Recently, somewhere, I ran across references to Echo State Networks (ESN) and to Liquid State Machines (LSM). I'm not sure where the original pointer came from, but I will track it down eventually. (That first link is dead, try Echo State Networks at Scholarpedia, Fraunhofer doesn't believe.)
As the principals claim, these are essentially the same line of research: ESN is about engineering signal processing systems while LSM is about understanding natural nervous system structure. ESN works with "neurons" in the usual computer abstraction of summing weighted activations and thresholding through a sigmoid. LSM works with "neurons" in the usual biological abstraction of trains of impulses resulting in stimulation or inhibition of the firing of further impulses. But both are about how to use neural networks which are connected at random without getting too bent out of shape about the lack of detailed understanding of how the randomly connected network works.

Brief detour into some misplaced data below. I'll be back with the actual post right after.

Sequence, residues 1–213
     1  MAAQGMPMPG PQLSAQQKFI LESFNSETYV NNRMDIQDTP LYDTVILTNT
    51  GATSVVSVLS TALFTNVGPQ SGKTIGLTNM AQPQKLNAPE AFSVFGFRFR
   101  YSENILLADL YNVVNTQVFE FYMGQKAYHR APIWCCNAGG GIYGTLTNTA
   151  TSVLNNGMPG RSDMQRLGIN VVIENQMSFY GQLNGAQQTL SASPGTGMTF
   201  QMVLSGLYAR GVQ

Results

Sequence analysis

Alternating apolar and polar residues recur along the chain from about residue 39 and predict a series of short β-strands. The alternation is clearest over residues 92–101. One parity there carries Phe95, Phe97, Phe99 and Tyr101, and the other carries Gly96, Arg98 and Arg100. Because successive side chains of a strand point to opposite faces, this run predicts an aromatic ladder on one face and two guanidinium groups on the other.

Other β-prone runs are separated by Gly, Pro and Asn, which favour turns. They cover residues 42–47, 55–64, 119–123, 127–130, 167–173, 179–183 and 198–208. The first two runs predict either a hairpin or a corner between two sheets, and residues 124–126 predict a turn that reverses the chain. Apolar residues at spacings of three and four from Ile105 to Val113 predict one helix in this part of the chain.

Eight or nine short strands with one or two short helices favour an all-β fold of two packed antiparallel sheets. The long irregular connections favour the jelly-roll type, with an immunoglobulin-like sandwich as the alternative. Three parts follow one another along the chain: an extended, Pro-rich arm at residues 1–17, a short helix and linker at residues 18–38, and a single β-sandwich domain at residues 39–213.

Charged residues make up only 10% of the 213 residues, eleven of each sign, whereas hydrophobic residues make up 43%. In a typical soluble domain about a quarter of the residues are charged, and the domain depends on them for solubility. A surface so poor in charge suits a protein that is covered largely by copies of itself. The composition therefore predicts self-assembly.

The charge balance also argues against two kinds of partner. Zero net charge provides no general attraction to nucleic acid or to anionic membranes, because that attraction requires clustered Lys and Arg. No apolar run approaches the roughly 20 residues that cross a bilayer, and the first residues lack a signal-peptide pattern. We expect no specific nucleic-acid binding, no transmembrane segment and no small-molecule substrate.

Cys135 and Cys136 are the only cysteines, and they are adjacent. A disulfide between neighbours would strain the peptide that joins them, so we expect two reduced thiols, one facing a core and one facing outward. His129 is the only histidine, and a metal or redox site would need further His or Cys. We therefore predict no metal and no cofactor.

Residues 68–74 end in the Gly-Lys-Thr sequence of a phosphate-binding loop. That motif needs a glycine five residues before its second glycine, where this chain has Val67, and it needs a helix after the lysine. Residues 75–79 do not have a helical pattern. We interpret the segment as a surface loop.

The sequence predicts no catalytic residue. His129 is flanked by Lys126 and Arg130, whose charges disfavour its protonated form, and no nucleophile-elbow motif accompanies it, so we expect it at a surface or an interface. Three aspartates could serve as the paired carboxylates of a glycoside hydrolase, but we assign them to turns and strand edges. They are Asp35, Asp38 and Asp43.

The first thing to get out of the way is the idea that we're talking about "neural nets" in the sense that most computing literature has used the term for the past 20 years. Those nets lack the recurrent structures, the feedback loops, which make the ESN and LSM networks both interesting and intractable.
The nets used in ESN are generated by randomly assigning weights between the hidden units. The weights are made to be sparse; the weights are scaled to bring the maximum absolute eigenvalue of the weight matrix to a desirable magnitude; and the weights are scaled to bring the maximum singular value of the weight matrix to a desirable magnitude. But that's the extent of the shaping applied to the network.
Neural nets as we know them from 20 years of research are much different sorts of beasts. They are built of layers of units where there are connections between layers coming from the inputs to the outputs, but no connections going back in the other direction. Introducing connections back to earlier layers from later layers would introduce nonlinear feedback loops into the networks.
ESN takes the randomly generated network as a black box. It doesn't attempt to engineer the structure of the randomly generated network other than in terms of sparsity, maximum absolute eigenvalue, and maximum singular value. So there's no interest in the detailed topology of the random network.